one-way ANOVAs, 361, 362, 369
two-way analysis of variance, 434, 434, 438
Wilcoxon signed-rank test, 392, 393
two-sample t-test, use of MINITAB for
power analysis for, 170–172
dialog box, 169, 171
options box, 171
printout, 172
smaller effect, 172
two-tailed test, 103
Wilcoxon signed-rank test, 385–389
assumption, 386
example, 386
MINITAB use, 389–395
null and alternative hypotheses, 431
population median, 386
p-value, 388, 392
ranking of observations, 386
rejection region, 388
sample size, 386
symmetric distribution, 386
Time series analysis, basic, 440–449
chronological order of data, 440
cyclical trend, 441
example, 440
linear forecast model, 444
long-term trend, 441
mean absolute deviation, 447
mean absolute percentage error, 445
mean squared deviation, 448
MINITAB commands, 441
MINITAB dialog box, 442, 443, 445, 448
MINITAB output, 443
MINITAB quadratic trend analysis, 448
random trend, 441
regression analysis, 443–444
response variable, 444
seasonal trend, 441
time series plot, 440, 445
trend analysis graph, 446
trends, 441
Treatment group, 5
Trimmed mean, 90
t-test, 172–176, 395
one-sample, 106–114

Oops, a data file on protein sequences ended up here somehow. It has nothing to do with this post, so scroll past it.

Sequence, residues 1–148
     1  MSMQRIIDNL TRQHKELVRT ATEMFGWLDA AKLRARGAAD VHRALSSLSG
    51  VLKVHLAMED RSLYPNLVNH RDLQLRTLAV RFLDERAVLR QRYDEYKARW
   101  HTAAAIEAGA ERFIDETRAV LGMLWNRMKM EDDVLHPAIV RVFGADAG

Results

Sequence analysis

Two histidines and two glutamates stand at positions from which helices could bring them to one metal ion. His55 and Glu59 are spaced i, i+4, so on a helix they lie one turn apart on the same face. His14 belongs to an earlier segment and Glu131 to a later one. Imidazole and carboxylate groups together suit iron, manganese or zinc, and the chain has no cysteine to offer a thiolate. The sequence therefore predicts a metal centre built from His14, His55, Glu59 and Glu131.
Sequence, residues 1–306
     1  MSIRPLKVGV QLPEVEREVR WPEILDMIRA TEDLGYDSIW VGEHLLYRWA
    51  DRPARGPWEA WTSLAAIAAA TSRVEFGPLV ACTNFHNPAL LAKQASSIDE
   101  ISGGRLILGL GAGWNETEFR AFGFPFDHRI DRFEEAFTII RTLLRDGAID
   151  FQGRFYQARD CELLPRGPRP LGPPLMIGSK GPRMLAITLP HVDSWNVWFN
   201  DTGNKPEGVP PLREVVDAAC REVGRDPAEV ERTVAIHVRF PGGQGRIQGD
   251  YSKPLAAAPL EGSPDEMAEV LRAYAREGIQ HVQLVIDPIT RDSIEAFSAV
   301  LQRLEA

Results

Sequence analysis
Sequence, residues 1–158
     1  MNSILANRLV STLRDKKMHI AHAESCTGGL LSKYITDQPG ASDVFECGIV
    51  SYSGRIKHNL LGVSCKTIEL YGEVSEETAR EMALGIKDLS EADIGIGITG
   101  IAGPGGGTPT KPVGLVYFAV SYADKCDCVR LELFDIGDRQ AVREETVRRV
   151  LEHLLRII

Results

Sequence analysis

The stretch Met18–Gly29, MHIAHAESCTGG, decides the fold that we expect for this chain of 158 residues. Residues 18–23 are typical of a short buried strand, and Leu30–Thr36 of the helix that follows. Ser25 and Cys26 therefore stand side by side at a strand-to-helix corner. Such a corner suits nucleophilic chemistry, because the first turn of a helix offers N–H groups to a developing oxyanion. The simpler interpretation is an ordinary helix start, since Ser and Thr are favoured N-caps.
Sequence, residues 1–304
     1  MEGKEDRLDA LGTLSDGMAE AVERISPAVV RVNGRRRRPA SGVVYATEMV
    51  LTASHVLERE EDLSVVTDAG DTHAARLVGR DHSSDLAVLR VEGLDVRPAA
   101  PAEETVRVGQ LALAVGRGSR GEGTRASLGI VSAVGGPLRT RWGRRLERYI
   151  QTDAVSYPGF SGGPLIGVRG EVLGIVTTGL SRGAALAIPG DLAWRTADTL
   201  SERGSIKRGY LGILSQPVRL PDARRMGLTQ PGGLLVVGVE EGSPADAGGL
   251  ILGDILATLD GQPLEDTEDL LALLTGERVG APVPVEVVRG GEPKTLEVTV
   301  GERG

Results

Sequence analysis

dialog box, 107
example, 109–113
options box, 107
printout, 107
p-value, 107
rejection region, 108, 111
sample mean, 110
sample standard deviation, 110
unknown population, 110
value of test statistic, 112
two-sample, use of MINITAB for power
analysis for, 170–172
dialog box, 169, 171
options box, 171
printout, 171
smaller effect, 172
Two-count variables, confidence intervals and
hypothesis tests for, 195–197
Two-sample Poisson, 198–201
MINITAB
commands, 198
dialog box, 199
option box, 198
printout, 200
power analysis for, 199
Two-sample variances, power analysis for,
193–195
Two-tailed hypothesis test, 103, 149–150
Two variances
confidence intervals and hypothesis tests
for, 184–191Index 477
example, 188
MINITAB use for testing two sample
variances, 191–193
dialog box, 192
options box, 192
printout, 199
Two-way analysis of variance, 417–424
calculation of mean squares, 419
column factor, 417, 420
example, 417
exercises, 449–452
F-distribution, 418
interaction between factors, 418
MINITAB, 424–440
box plot, 432, 438
commands, 425, 429
dialog box, 425, 427, 429
example, 431–432
four-way residual plots, 437
histogram of residuals, 434
interaction plot, 426, 436, 439
main effects plot, 435, 439
normal probability plot of residuals, 428
printout, 432, 436
residual plots, 434
residual versus fitted values, 359
Ryan–Joiner test, 434, 435, 438
rejection region, 422, 423
row factor, 417
SSInteraction, 421
test statistics, 418